6 Tips for Getting Your Manuscript Published in the Biomedical Literature

By Roger Bertholf and Steven Kroft - April 03, 2023


Effective communication is essential in most careers, including academic medicine. Results of scientific studies are typically disseminated through publication in scientific journals. As editors of two biomedical titles published by the American Society for Clinical Pathology (ASCP) and Oxford University Press, we read hundreds of submitted manuscripts every year and select a fraction for publication in our journals. How do we decide which papers to accept and which to reject? For most scientific journals such as ours, it is a process that involves several steps and includes review by experts in the subject area the paper falls within.

In brief, when a manuscript is received by AJCP or Laboratory Medicine, it is first screened for plagiarism by a proprietary software product. Then an additional screen is applied to detect certain irregularities that are associated with fraudulent publishing. The paper is then reviewed by the editor for relevance to the journal’s focus, grammar, study design, and overall likelihood of interest to the scientific community. But editors are, in general, experts only in their specific field of specialization, so we depend on our board of editors and external reviewers to provide the expertise necessary to assess the quality of the research. The reviewers may find the paper unsuitable for publication due to errors in the experimental design or in the conclusions reached, or simply because the paper does not add anything substantial to the existing literature. If the paper has promise, however, the reviewers often will make constructive suggestions for revisions, and the paper will be returned to the authors with those suggestions. If the authors heed the suggestions and make the requested changes, the paper is usually accepted for publication.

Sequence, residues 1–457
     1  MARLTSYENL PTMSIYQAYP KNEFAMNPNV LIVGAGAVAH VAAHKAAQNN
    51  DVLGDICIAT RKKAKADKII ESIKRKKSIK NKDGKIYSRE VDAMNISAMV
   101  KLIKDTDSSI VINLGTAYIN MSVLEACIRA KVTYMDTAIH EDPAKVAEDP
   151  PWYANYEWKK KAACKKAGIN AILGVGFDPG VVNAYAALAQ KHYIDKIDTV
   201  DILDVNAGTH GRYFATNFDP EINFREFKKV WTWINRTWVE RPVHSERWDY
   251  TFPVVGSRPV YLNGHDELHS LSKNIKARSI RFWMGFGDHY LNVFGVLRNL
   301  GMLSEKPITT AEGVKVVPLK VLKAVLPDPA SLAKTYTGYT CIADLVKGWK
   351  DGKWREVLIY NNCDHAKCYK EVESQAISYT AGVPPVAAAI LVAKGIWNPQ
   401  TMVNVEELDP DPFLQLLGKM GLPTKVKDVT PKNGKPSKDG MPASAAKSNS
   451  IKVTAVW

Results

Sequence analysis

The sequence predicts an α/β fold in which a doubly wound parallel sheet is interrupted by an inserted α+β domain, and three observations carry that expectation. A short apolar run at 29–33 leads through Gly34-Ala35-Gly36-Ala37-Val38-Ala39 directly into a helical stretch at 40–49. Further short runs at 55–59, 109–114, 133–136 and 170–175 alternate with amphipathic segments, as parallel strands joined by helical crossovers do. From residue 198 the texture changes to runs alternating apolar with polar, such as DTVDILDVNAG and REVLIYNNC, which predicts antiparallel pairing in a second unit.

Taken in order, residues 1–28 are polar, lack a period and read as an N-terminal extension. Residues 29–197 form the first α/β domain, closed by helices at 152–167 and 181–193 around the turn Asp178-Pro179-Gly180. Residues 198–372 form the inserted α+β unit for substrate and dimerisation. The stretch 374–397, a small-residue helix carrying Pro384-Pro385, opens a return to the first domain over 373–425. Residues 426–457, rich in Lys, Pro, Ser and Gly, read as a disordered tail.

We will share some helpful tips for giving your paper the best chance at acceptance. A caution, though: our tips will be useful only if the science you describe in your manuscript is sound, interesting, and at least somewhat novel. Assuming your manuscript meets those three criteria, here are some things you should do to help improve the overall quality of your paper and maximize its chances of being accepted for publication.

Dr. Bertholf’s Tips (Editor in Chief, Laboratory Medicine)

1. The abstract